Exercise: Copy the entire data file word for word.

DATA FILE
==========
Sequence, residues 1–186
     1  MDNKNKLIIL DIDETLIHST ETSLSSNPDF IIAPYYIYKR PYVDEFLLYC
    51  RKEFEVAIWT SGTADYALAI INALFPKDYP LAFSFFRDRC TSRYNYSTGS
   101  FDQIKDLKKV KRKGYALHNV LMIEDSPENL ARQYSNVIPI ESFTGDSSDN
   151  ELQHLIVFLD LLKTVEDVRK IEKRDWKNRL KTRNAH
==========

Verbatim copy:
Sequence, residues 1–186
     1  MDNKNKLIIL DIDETLIHST ETSLSSNPDF IIAPYYIYKR PYVDEFLLYC
    51  RKEFEVAIWT SGTADYALAI INALFPKDYP LAFSFFRDRC TSRYNYSTGS
   101  FDQIKDLKKV KRKGYALHNV LMIEDSPENL ARQYSNVIPI ESFTGDSSDN
   151  ELQHLIVFLD LLKTVEDVRK IEKRDWKNRL KTRNAH